Amy Bloom: Lucky Us, my previous novel, is set in the 1940s, and the Roosevelts cropped up quite a bit when I was researching. And I was very moved by the first two volumes of Blanche Wiesen Cook's biography of Eleanor Roosevelt, in which she refers to these letters, and certainly talks about Lorena. I went to the Roosevelt Presidential Library, and there's something about just looking at the 18 boxes [of letters] and thinking, That's a lot of correspondence for just pals. There was something about this love story that had been lost to history—and lost is really a polite word because it seems to me torn out would be more accurate and more literal. The two of them had been lost and found, and lost and found again in their relationship. And I think both of those things really grabbed me.
Even just a cursory online search about Lorena and Eleanor, what you find it biographers immediately questioning whether they could have been romantic, like, "We just don't know, there's no way we could possibly know that these women were lovers."
Yes. There's no way we could know. And also the idea that Eleanor was a Victorian lady—and I'm like, not really. She went to an English boarding school, for one thing, that [lesbian writer] Natalie Barney and her sisters went to. And all of those fancy French lesbians ended up writing novels about their adored headmistress Mademoiselle Suzette, who took Eleanor on a two-person tour of Europe. And so then the idea that on top of everything else, she's just really effusive, and that she wouldn't know a big butch lesbian if she saw one. Like, really? Because all of her friends were lesbians. And they weren't schoolgirl lesbians, they were working couples. They were classic glass closet lesbian couples. These people met at Wellesley, they met at Radcliffe, they met at Smith, they fell in love, and they lived together for the next 40 years. And that was her social circle.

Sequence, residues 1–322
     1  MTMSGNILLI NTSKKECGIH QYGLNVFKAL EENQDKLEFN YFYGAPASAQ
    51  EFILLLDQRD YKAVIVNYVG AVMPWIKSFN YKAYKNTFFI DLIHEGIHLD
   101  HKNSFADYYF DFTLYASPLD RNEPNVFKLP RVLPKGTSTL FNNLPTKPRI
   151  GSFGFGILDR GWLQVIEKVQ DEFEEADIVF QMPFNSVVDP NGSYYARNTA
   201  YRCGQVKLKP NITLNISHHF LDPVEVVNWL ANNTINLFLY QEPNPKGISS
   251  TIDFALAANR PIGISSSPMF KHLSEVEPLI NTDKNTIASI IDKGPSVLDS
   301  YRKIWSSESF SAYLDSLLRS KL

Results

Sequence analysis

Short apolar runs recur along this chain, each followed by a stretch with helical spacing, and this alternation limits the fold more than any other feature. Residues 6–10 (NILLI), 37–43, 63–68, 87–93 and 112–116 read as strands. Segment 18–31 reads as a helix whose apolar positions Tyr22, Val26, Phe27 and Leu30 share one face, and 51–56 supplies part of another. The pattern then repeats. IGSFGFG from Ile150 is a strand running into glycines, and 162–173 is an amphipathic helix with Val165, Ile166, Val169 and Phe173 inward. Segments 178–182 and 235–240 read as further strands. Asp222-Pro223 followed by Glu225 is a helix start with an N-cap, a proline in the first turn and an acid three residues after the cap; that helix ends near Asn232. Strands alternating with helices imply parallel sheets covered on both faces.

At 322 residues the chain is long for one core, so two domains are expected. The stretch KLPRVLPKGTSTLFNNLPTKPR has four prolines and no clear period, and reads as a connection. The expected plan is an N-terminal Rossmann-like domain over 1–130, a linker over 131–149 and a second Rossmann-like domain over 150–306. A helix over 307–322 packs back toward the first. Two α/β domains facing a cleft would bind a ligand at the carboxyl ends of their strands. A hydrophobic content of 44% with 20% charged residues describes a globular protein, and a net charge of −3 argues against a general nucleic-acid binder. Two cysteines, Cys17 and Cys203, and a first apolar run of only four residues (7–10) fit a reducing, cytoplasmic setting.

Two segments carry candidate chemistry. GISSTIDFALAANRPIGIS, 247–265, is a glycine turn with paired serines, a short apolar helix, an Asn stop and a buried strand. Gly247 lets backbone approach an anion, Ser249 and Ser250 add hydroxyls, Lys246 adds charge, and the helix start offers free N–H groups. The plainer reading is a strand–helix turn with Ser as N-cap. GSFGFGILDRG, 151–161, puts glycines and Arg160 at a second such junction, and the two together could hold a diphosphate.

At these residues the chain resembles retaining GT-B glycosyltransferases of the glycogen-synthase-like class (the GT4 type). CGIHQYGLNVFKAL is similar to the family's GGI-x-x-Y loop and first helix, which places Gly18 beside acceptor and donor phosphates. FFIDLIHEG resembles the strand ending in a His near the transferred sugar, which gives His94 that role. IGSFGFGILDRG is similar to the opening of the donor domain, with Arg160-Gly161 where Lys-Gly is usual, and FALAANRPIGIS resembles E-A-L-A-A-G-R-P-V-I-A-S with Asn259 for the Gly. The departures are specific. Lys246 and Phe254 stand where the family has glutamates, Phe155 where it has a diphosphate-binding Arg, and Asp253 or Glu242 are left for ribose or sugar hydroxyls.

And yet mysteriously, when she said [to Lorena in a letter], "I long to kiss your lips in the southeast corner," she just meant like, hey, let's get a margarita at the bar, pal.